Now, when I get nervous it IS NOT a good thing. I crack dumb jokes and get so giggly it's ridiculous. As I sat there, about ready to spew some joke about the afterlife, I heard our girls laughing. I listened and they shared secrets about how they both dislike the boy who calls The Scribe "Mama." They went on and on about him and how they never knew hanging out could be so fun.
"I just didn't know you were this cool," my daughter said.
"Same to you." They both giggled like that for a long time and when I looked back at The Beauty Queen we both grinned.
I forgot my joke and asked the first thing that came to mind, "So why did you go to the doctor?"
That's when it happened. The Beauty Queen, who'd I'd judged, started telling me a story. She didn't talk about bringing her boy to the pediatrician--she talked about her own doctor's visit--how she goes in for treatments four times a week! She weaved words about how she almost died years before. I cried with her and couldn't believe how much that beautiful woman has endured. Her life is still in danger, yet she manages to be an amazing mother and wife, a wonderful person and now someone I could call a friend.
I couldn't believe her story or the fact that I'd judged her or her child. She said years went by when she practically lived at the hospital and she's so glad her daughter has a friend now because things have been really hard for her. I sobbed, completely cried. I felt bad for judging and that my kid wrote a "kick me" note, but most of all I felt in awe of The Beauty Queen's strength. That's why my conscience got the better part of me.
"I need to ask you three things," I blurted suddenly.
"Okay," she wiped a tear from her eye and waited in her soft, delicate manner.
I took a deep breath and decided to go from easiest to hardest. "Did your kids' pediatrician ask you anything about Bob Sagget?"
She tilted her head, "Why no . . . no he didn't. How come?"
I sighed with relief and went on quickly. "Well, ummm . . . never mind. And next, did you know that my daughter put a 'kick me' note on your daughter's back." I bit my lip. That DID NOT sound good. I waited, breathing slowly.
The woman smiled and grabbed my hand. She gave it a squeeze. "I thought you'd never ask. This whole time I've been sitting here, wondering what to say about it and then I told you my story instead. Sometimes I get so nervous."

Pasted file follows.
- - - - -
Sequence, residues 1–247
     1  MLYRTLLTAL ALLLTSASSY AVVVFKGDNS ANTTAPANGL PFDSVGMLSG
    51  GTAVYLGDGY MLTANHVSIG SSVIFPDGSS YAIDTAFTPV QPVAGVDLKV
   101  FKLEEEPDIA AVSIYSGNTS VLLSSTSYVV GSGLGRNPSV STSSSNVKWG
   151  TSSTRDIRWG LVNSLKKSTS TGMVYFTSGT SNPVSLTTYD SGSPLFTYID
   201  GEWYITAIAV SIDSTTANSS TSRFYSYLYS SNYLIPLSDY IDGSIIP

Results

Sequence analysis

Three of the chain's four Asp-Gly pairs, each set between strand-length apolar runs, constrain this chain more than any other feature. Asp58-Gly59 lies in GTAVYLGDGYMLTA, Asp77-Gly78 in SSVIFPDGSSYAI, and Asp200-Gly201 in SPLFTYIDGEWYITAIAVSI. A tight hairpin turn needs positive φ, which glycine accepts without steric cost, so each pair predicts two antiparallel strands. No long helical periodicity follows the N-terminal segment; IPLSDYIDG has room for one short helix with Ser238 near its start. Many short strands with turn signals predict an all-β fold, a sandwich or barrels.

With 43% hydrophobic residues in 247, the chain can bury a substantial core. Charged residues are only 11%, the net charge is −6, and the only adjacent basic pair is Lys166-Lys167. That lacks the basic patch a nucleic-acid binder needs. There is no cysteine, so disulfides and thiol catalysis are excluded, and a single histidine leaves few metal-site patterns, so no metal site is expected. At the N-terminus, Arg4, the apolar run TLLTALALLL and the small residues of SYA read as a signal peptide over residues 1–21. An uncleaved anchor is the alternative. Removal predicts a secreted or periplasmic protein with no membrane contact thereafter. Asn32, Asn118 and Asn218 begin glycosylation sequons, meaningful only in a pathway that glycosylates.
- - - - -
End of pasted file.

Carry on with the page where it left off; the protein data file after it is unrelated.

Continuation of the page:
"Me too," I said. "You're just so put together and I look like a ragamuffin! I can't believe you knew! You're so different than I expected." I paused and then asked the hardest question of all. "Would you . . . read my journal? I'm publishing it at the end of this year. I'd really love to get your opinion on it. I wrote it about my son who died. He was so perfect to me." My breath caught on the words. "I'm just glad I have my journal to remember every detail about his life."
Tears filled her eyes. "I'm so sorry. I can't imagine how hard, but I'd love to read it. I feel so honored."
We sat there crying again. Our kids laughed upstairs and I nearly choked on a sob. "This is turning into one heck of a play date," I said.
"And you know, about that note. I don't think it was completely your daughter's fault."
"I can't believe she did it. I mean, she did put cat poop on a teacher's chair once--that was awful, but this is worse."
"But it turned out okay." She smiled and laughed. "Because of that note our girls are getting along great now and I have a new friend."
I can't believe how strange life is sometimes. God brings people together for different reasons. I mean, it's crazy, because of a stupid "kick me" note, I'm friends with an amazing Beauty Queen.